Diving Into Ocean Activities
- Grades: PreK–K
Sand! Waves! Fish! So much fun! Teaching young students about oceans can mean tons of excitement. While some of your little ones have experienced a trip to the ocean, there may be others who have never had the opportunity. Try bringing the ocean into your classroom by incorporating various ocean-themed activities. Join me as I dive into activities that will introduce students to the types of animals and creatures that make up the ocean habitat.
Show and Tell
Show and Tell is a great time to have your students who have visited the ocean share mementos from their trip. Invite your students to bring in photos, seashells, starfish, and other items to share with their classmates. My students love to share their experiences aloud in class. To be sure everyone is included, I allow those students who’ve never visited the ocean to ask questions.
Ocean-Themed Learning Stations
During our study of the ocean, I incorporate ocean-themed activities into my classroom learning stations. Take a look below at some of our fun.
Puzzles and Games Station
To help your students learn to identify the different animals that live in the ocean, play a game of concentration. Print pairs of several ocean creatures on card stock. Cut and laminate each card. Now it's time to play!
Turn your classroom drama station into a day at the beach. Provide students with items such as beach towels, sunglasses, sun visors, sand pails, and more. Students will enjoy pretending they are relaxing in the sun.
Word Work Station
Have students build ocean vocabulary words using letter stamps or magnetic letters.
My students love to go fishing for sight words. For this activity I simply cut out several fish templates. Next I write a different sight word on each fish. Near the mouth of the fish I place a paper clip. Students take turns fishing with a plastic fishing rod equipped with a magnet at the end of the line. When a fish is caught, the students must read the word.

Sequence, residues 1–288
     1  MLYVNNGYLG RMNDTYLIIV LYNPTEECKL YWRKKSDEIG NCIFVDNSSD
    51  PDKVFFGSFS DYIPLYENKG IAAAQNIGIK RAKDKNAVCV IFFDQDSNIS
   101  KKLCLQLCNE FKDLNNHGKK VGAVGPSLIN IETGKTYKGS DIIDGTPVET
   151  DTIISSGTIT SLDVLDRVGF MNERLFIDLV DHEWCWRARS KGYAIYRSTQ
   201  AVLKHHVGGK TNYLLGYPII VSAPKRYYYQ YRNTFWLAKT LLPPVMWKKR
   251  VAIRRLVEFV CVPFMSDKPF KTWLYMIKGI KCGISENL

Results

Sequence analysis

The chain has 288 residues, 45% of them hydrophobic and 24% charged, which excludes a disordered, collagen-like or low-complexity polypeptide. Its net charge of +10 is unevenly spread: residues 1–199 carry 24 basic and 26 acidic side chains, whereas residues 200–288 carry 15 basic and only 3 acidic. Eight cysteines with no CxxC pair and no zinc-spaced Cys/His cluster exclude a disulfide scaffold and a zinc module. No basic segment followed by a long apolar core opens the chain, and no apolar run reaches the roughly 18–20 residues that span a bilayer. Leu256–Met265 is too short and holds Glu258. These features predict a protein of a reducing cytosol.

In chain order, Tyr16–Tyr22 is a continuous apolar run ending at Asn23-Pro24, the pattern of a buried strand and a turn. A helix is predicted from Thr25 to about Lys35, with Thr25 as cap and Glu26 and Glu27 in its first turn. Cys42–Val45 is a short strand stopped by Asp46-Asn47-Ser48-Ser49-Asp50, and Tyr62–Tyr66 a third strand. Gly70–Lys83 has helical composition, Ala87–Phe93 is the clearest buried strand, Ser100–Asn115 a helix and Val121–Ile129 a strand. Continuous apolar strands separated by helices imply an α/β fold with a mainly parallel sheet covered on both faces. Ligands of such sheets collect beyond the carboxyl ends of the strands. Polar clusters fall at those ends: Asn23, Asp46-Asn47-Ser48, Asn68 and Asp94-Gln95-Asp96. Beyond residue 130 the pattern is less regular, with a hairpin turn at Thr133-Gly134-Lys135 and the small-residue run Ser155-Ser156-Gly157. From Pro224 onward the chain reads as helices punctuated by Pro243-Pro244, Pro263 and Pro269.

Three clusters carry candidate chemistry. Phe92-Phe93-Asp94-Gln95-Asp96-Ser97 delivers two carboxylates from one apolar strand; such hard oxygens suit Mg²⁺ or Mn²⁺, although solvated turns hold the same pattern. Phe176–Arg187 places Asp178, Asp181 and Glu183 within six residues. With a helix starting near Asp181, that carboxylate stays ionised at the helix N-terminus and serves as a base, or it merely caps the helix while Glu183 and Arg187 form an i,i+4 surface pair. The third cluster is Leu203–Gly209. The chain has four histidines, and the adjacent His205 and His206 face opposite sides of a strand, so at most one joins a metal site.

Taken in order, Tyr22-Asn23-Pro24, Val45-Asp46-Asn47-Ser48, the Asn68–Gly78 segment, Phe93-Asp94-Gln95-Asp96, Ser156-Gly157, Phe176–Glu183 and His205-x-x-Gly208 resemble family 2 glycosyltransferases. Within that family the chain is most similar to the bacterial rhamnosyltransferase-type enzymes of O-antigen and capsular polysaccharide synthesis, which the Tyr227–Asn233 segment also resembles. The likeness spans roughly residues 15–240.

My students had a blast creating these ocean habitats in the art station. Each student had the opportunity to create their favorite ocean animal. Later, in small groups, we placed their creations in various ocean habitats.
Have students draw and write about their favorite ocean animal. While my students are writing, I allow them to listen to the sounds of the ocean. This is so relaxing!
Not only are Goldfish good to eat, they are also good to use when practicing many math skills. During our study of the ocean, my students used Goldfish to practice matching number words to sets.
Placing an estimation jar in the math station is a great activity to incorporate. During our study of the ocean I fill a jar with various plastic sea creatures. When my students visit the math station, I have them write down how many sea creatures they think are in the jar.
Sort and Classify
Play an animal classification game. My students have fun sorting animals that live in the ocean from those that do not.
Ocean in a Bottle
To see how waves look, have your students create an ocean in a bottle. For this activity all you need is a plastic bottle or jar with screw-on lids, blue food dye, oil, and water. Help your students fill their bottles with about two-thirds water. Add food coloring to your oil. Now fill the bottle of water to the top with the colored oil. Use hot glue to seal the top. Have your students turn the bottle on its side and rock it gently back and forth to see the waves.
Sand and Water Station
Fill a large plastic bin with sand. Hide seashells, plastic ocean animals, and more. Have your students take turns searching for items in the sand.
I fill my classroom library with tons of books about the ocean. Students love to lay out on beach towels and pretend they are reading in the sun!
My Top Five Favorite Ocean Books
Below is a list of my top five favorite books to use when teaching about the ocean.
In the Ocean by A. J. Wood
This book features interactive touch and feel pages that my students love. After reading this book, I have my students draw and label pictures of the different ocean animals in the story. They also write one adjective that describes the touch and feel of each.
We created these seahorses using a seahorse template, tissue paper, glue, and a paintbrush. Students cut tissue paper into small squares and used a paintbrush to paint a layer of glue on the seahorse.
After reading The Rainbow Fish by Marc Pfister, allow your students to create their own rainbow fish.
My students created these adorable crabs using their handprints.
This book is full of rhymes. I have my students search for rhyming words within the story. I also have my students draw a picture of Mr. Fish’s transformation from a pout- pout fish to a friendly fish.
Do you have any ocean activities to share? Please comment below.